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Australia gets backing of 116 countries to investigate COVID-19’s cause – FM



…As Macron and Merkel join forces on EU COVID-19 response***

The alliance of countries that have responded to Australia’s call to launch an independent investigation into what had caused the COVID-19 pandemic has grown to 116, Australian Foreign Minister Marise Payne said on Monday.

Payne first called for a global investigation into the pandemic’s onset late in April, after Australian Interior Minister Peter Dutton urged China to release information about the novel coronavirus.

“I think what it illustrates is a broad view that given the experience of COVID-19 – more than 300,000 deaths, millions of millions of people around the world losing their jobs, including here.

“The job lose is the impact on economies from one corner of the globe to the other – that there is a strong view that it is appropriate to engage in a review of what has happened in the pandemic.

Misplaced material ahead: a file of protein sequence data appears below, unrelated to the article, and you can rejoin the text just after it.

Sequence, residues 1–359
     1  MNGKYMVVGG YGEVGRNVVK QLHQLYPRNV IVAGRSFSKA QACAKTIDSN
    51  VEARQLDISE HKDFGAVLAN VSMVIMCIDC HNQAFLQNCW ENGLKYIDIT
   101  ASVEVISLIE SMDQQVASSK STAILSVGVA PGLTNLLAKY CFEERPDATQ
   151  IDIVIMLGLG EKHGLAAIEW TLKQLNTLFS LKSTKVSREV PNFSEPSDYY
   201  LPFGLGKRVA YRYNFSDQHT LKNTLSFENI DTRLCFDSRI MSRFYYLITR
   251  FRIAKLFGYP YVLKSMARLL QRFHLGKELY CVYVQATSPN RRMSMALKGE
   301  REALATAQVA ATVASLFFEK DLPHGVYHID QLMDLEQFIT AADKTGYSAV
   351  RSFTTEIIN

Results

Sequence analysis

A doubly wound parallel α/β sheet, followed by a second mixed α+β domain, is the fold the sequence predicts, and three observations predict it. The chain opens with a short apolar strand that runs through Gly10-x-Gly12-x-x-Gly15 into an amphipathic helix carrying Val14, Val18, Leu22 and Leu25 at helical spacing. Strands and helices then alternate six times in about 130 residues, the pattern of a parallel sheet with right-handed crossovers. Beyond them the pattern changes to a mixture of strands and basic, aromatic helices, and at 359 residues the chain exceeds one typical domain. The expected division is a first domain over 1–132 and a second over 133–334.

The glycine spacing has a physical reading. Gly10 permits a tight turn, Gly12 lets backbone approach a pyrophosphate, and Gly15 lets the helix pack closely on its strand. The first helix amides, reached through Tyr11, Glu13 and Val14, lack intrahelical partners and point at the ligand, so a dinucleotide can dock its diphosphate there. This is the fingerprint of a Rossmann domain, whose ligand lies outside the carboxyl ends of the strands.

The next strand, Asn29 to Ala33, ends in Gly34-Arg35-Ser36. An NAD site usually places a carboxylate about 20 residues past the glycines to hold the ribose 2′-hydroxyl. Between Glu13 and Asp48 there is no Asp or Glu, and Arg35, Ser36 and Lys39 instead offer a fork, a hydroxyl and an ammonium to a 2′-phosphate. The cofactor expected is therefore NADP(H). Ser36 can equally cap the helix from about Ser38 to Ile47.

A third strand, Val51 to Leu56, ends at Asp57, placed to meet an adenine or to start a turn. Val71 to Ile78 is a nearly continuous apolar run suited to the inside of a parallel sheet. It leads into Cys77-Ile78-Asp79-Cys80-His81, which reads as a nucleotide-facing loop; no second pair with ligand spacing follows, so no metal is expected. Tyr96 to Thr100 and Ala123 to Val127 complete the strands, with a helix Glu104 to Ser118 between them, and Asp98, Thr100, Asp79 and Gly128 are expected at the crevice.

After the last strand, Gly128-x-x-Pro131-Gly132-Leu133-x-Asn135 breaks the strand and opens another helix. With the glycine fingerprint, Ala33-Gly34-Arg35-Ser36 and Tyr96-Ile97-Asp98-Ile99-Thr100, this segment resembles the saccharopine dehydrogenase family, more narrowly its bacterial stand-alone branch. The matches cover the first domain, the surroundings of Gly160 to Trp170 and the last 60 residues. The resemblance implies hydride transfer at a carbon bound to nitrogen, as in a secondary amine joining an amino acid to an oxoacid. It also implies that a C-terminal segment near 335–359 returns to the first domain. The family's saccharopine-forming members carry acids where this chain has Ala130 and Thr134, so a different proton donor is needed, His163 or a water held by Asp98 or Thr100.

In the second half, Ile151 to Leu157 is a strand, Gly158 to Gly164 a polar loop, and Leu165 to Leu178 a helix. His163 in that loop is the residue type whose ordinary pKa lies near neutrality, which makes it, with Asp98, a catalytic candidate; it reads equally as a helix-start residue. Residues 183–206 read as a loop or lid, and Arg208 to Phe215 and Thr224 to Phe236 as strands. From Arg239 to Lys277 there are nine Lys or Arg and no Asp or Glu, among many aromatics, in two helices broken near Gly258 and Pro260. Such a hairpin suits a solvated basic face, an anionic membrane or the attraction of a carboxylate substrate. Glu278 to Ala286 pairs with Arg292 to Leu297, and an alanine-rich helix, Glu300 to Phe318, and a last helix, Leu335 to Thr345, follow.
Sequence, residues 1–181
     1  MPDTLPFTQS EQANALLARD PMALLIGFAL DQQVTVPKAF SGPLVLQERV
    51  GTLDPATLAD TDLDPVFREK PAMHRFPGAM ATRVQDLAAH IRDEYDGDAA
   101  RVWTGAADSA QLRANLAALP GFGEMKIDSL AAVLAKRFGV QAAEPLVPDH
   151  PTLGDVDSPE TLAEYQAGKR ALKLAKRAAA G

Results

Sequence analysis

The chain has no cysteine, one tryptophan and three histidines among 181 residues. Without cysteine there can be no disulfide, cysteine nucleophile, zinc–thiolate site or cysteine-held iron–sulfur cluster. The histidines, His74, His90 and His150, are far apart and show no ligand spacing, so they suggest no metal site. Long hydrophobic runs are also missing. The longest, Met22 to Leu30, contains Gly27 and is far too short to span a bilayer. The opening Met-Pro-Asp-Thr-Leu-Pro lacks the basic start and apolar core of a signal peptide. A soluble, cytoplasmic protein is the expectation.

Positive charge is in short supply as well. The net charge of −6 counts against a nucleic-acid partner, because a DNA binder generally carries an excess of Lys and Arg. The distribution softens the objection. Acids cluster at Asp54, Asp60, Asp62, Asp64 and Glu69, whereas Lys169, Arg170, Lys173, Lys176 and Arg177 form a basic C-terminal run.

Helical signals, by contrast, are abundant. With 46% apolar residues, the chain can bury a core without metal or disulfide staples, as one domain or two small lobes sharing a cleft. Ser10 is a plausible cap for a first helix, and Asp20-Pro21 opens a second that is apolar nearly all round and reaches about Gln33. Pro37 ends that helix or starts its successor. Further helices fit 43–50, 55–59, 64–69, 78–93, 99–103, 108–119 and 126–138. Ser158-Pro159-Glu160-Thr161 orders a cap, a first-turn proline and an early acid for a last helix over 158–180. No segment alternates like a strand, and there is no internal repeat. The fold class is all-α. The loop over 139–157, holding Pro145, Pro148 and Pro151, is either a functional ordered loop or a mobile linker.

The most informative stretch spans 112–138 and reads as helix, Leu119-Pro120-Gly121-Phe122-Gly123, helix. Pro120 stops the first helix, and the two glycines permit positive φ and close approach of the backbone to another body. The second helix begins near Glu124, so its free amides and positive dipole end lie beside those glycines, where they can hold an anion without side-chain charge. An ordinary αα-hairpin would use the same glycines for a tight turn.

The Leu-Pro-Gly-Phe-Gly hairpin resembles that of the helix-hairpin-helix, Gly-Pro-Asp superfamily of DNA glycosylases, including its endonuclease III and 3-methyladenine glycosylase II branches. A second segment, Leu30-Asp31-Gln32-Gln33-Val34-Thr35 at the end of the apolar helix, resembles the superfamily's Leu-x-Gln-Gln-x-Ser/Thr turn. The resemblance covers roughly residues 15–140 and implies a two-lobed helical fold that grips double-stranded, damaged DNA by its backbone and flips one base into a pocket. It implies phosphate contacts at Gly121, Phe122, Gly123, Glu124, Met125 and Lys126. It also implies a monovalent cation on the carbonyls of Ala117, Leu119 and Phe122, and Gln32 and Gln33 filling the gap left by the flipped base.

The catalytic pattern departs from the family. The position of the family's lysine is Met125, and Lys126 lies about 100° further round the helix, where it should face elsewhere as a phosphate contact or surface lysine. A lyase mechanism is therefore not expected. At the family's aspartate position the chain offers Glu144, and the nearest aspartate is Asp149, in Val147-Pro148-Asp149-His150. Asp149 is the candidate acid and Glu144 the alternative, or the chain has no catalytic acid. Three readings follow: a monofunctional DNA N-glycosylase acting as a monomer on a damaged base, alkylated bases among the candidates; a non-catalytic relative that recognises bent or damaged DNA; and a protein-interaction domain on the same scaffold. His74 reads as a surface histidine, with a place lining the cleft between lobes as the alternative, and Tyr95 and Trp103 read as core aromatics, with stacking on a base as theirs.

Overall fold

“The impact it has had, to ensure that we learn those lessons so that it does not happen again,” Payne said at a news conference.

In particular, a group of 54 African countries has joined the motion which has already been backed by 62 countries, including the EU member states, the UK, Russia, Japan, India, Indonesia, and Canada, among others.

Payne said a discussion into the matter would continue at the virtual World Health Assembly meeting, scheduled to take place later on Monday.

China first informed the World Health Organisation about an outbreak of an unknown disease in Wuhan, the capital city of its central Hubei province, in late December.